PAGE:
The agricultural department at the Manawa School District has received a $500 grant from the Pioneer Hi-Bred Foundation. The grant money will be used to launch a "Rise Up" Leadership program.
"I saw that this organization was giving out grants and it was something I was familiar with so I applied for it," said Sandra Cordes, agricultural teacher and FFA advisor at Little Wolf High School. "It was food based but they wanted you to be able to make improvements in sustainability in food in your community. What I applied for was a grant to train students in the process of service learning so that they would learn to be better volunteers in the community but have an educational component to it."
Cordes said the grant will have and "end goal" of benefitting the Manawa Area Community Food Pantry. The other goal is to train students to be better leaders and to make sure they understand the steps in planning, organizing and implementing the program.
"We are going to use that $500 to train the kids on how to do a food drive and how to be involved in their community," Cordes said. "We are going to call the program, Rise Up and we have different components of it to help them rise up in the community and learn how to be valuable members."
Initiatives will be provided to the students that will allow them to learn leadership skills and help them become better communicators. They will also receive problem-solving training.
Cordes said the students will learn about the different aspects of publicity that goes into organizing a food drive, as well as finding out what the needs of the community are.
"The will learn if there is a certain time of year that the food pantry needs more help or if there is a special area that we aren't fulfilling," Cordes said. "They are going to research poverty and find out all the different steps of how that affects our community."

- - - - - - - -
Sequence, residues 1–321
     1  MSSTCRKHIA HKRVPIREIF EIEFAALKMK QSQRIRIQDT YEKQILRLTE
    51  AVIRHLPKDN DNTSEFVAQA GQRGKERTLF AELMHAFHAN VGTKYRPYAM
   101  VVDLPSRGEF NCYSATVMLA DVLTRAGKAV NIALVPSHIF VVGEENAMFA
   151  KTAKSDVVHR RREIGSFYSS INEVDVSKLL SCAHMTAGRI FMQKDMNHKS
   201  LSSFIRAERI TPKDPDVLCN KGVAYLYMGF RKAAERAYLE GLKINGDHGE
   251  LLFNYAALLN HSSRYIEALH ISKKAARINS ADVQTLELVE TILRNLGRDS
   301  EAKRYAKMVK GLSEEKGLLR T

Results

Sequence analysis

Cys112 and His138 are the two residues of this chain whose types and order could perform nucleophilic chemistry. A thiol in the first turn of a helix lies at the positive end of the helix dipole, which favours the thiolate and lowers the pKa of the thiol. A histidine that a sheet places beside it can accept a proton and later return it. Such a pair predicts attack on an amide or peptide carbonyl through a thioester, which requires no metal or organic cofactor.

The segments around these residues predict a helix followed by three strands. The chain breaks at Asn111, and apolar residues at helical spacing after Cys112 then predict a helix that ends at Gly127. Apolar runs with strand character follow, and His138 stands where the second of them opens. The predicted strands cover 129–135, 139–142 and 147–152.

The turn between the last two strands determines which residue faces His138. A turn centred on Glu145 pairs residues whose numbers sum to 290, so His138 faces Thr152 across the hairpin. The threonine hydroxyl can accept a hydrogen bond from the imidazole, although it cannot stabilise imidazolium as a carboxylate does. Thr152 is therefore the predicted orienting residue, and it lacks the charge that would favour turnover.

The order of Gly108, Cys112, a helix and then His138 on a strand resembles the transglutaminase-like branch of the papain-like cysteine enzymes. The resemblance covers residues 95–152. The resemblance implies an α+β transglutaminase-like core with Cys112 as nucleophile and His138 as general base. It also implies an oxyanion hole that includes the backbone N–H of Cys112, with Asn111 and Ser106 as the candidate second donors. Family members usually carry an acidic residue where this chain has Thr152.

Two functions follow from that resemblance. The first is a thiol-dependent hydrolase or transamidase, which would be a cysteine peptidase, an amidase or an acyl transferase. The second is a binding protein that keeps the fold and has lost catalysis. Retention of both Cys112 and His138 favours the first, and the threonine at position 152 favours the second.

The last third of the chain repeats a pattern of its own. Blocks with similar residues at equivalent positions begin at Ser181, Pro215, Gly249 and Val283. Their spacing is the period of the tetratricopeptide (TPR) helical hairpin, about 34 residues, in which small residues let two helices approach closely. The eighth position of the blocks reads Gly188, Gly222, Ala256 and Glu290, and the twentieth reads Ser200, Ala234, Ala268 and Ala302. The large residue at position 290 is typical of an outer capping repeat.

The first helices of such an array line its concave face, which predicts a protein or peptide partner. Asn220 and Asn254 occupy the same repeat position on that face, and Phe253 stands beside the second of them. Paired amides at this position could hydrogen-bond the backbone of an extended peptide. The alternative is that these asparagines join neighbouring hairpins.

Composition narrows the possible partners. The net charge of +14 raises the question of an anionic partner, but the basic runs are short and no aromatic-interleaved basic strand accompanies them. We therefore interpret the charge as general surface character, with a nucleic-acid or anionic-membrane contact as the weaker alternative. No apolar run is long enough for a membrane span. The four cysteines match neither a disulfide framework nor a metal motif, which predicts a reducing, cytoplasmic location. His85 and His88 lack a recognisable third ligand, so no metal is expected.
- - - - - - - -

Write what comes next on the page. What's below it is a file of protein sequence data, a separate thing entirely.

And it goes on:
The Rise Up program will be part of in class study, as well as extracurricular activities.
"We'll utilize it through my FFA program and then also through the courses at school," Cordes said. "And we are going to ask other organizations in our school to be partners with us, such as the student council."
One of the school courses taking part will be the leadership class Cordes teaches. There are 28 students in that class and they will be the main planning component.
"I'll have them go through the steps, there are six steps to service learning. We'll have them go through and figure out what their goals are and then match those needs to it," Cordes said. "Last year we did four food drives and I hope through their efforts we would double that this year. We need to see what the kids want to do.
"Kids can incorporate service learning with academics so kids know that helping out is part of our school culture and we are part of the community."
Cordes said this is a great opportunity for the student to become involved and make a difference.
"We are real grateful that Pioneer has invested in our community and we think it is a wonderful opportunity for the kids to realize what a powerful impact they can have and that you can empower change," Cordes said.
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